Genesis 1-2.07

Genesis 1-2.07 - Reading Genesis in Its Ancient and...

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Reading Genesis in Its Ancient and Contemporary Contexts (08-02-05) 04:05 PDT WASHINGTON, (AP) -- President Bush said he believes schools should discuss "intelligent design" alongside evolution when teaching students about the creation of life.
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Creation
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“Before creation, there was only God. No one save God saw the origin of all things. It is plain, therefore, that the story we are reading is an artist’s conception of this truth about God’s relation to the world. Michelangelo was to paint it in the Sistine Chapel, Haydn was to set it to music. The author of Genesis wrote it in words.” Bruce Vawter
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The Creation Debate in Its Ancient Context [Note well: Creation accounts function as “cosmogonies” or charter documents and give clues to the way civilizations understand themselves.] The “P” account of creation was written down in sixth-century Babylon during exilic period in the midst of conflicting cosmogonies.
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Enuma Elish: The Babylonian Account The Enuma Elish is the best-known Babylonian creation account . It existed in various versions and copies, the oldest dating to at least 1700 B.C.E. According to this account, before heaven and earth were formed there were two vast bodies of water. The male freshwater ocean was called Apsu and the female saltwater ocean was called Tiamat . Through the fusion of their waters successive generations of gods came into being. As in the Genesis 1 story, water is the primeval element, but here it is identified with the gods, who have unmistakable gender. Younger gods were created through sexual union. These younger, noisy gods disturbed the tranquillity of Apsu, so Apsu devised a plan to dispose of them. The wisest younger god, Ea, found out about the plan and killed Apsu. To avenge her husband Tiamat decided to do away with the younger gods with the help of her henchman Kingu. When the younger gods heard about this, they found a champion in the god Marduk . He agreed to defend them only if they would make him king. After they tested his powers, they enthroned him. When finally they met on the field of battle, Tiamat opened her considerable mouth as if to swallow Marduk and plunge him into the immeasurable deeps. Marduk rallied by casting one of the winds into her body, expanding her like a balloon. He then took his bow and shot an arrow into her belly, splitting her in half. Marduk cut her in two like a clam, and out of her carcass he made the heavens. The "clamshell" of heaven became a barrier to keep the waters from escaping, a parallel to the Genesis notion of a barrier or firmament. Marduk also fixed the constellations in the heavens. They, along with the moon, established the course of day and night as well as the seasons. Then Marduk devised a plan to relieve the drudgery of the gods. They were tired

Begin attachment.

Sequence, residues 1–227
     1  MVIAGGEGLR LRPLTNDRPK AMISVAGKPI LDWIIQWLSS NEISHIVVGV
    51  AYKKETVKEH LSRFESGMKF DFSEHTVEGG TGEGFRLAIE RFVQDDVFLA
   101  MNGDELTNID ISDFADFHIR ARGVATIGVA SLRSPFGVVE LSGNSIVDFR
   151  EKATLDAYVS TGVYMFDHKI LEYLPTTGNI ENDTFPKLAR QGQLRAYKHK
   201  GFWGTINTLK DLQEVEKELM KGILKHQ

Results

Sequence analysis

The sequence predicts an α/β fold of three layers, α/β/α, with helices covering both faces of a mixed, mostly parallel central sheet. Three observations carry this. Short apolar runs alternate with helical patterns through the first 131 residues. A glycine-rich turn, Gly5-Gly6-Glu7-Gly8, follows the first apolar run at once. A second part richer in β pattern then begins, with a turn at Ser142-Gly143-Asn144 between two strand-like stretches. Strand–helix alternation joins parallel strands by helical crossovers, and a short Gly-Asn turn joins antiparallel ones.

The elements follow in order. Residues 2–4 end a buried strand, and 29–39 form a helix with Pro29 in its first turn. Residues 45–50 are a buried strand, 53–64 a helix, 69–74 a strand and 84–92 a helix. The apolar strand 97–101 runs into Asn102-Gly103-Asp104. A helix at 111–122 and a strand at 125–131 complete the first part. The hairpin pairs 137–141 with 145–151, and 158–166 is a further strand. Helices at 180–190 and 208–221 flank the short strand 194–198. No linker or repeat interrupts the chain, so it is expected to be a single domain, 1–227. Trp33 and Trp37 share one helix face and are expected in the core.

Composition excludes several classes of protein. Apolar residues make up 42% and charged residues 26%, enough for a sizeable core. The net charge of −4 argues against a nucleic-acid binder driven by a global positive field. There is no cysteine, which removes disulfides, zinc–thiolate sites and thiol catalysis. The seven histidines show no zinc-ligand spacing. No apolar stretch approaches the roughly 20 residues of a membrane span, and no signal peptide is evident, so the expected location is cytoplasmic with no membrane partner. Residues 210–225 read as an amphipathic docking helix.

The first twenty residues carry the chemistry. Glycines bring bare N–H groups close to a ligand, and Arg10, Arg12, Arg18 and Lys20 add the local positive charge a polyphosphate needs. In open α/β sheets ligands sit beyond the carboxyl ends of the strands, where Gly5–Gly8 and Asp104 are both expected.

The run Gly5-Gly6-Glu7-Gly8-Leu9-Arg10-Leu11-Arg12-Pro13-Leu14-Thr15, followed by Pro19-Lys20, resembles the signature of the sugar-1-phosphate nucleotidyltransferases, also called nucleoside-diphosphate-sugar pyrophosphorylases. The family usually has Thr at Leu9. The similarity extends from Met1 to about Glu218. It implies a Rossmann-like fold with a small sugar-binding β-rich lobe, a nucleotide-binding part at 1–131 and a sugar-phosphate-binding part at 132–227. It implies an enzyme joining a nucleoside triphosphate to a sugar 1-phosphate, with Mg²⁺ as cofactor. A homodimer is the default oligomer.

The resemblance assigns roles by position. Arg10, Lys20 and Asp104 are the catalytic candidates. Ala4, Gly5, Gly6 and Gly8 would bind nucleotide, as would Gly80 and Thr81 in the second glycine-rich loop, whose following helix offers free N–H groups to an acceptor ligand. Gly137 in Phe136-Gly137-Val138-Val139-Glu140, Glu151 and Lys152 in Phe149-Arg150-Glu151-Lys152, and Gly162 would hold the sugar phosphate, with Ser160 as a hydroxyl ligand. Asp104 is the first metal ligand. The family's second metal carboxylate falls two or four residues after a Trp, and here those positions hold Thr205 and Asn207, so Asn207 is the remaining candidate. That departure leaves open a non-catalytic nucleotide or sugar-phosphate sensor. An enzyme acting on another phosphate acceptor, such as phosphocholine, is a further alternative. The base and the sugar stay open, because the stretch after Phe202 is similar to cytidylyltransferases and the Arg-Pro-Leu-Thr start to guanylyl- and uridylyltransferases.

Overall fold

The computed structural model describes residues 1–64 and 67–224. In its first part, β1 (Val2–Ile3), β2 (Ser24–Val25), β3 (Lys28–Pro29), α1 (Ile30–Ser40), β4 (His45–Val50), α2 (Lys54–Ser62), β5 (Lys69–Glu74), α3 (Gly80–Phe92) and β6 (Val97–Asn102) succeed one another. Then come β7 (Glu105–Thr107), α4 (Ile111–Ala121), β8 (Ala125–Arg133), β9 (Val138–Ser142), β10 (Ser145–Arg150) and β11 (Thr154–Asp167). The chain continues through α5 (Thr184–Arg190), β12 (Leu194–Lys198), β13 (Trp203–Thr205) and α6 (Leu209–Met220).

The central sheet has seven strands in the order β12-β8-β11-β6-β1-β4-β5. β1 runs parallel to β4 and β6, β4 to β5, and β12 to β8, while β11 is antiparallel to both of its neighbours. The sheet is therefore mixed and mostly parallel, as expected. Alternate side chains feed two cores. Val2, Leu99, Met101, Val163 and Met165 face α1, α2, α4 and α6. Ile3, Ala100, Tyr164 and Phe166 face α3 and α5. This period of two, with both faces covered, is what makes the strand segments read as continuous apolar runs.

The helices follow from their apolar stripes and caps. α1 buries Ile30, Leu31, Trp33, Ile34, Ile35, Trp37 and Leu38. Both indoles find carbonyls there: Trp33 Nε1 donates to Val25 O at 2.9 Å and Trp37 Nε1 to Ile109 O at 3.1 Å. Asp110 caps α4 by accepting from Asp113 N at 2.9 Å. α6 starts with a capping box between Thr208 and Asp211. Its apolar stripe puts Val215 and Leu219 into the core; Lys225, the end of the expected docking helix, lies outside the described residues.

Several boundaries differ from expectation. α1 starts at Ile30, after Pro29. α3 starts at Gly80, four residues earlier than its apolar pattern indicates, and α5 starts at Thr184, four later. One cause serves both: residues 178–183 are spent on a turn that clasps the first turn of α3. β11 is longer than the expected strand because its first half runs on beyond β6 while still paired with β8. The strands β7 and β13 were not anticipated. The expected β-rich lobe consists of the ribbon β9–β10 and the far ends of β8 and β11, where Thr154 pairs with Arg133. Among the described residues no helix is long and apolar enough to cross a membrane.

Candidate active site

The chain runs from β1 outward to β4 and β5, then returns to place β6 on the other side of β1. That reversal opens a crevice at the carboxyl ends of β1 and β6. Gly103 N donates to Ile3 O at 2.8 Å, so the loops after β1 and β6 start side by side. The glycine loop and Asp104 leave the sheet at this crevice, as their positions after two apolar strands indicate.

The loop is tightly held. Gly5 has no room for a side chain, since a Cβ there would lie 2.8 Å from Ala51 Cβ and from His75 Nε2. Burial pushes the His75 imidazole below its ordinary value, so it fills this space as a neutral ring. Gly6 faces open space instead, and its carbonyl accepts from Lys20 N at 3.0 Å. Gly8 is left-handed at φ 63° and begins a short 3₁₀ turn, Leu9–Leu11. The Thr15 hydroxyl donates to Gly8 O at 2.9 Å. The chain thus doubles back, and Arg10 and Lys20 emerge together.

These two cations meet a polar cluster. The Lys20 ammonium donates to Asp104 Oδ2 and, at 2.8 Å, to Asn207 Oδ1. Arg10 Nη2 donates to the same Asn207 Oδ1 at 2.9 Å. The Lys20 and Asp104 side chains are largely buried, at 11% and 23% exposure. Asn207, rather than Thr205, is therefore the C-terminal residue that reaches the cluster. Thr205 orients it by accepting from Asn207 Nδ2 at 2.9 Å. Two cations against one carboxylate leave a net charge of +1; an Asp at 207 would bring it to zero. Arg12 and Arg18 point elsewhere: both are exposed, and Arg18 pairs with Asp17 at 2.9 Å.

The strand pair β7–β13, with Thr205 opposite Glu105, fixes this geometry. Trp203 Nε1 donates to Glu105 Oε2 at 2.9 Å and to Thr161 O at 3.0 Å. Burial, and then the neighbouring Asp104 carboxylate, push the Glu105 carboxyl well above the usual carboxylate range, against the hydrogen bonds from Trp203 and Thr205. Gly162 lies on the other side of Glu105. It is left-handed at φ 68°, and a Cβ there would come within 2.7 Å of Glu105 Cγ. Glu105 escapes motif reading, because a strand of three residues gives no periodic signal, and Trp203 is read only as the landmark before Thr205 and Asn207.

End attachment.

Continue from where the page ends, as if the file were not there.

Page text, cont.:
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This note was uploaded on 04/17/2008 for the course REL 1310 taught by Professor Holleyman during the Fall '08 term at Baylor.

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Genesis 1-2.07 - Reading Genesis in Its Ancient and...

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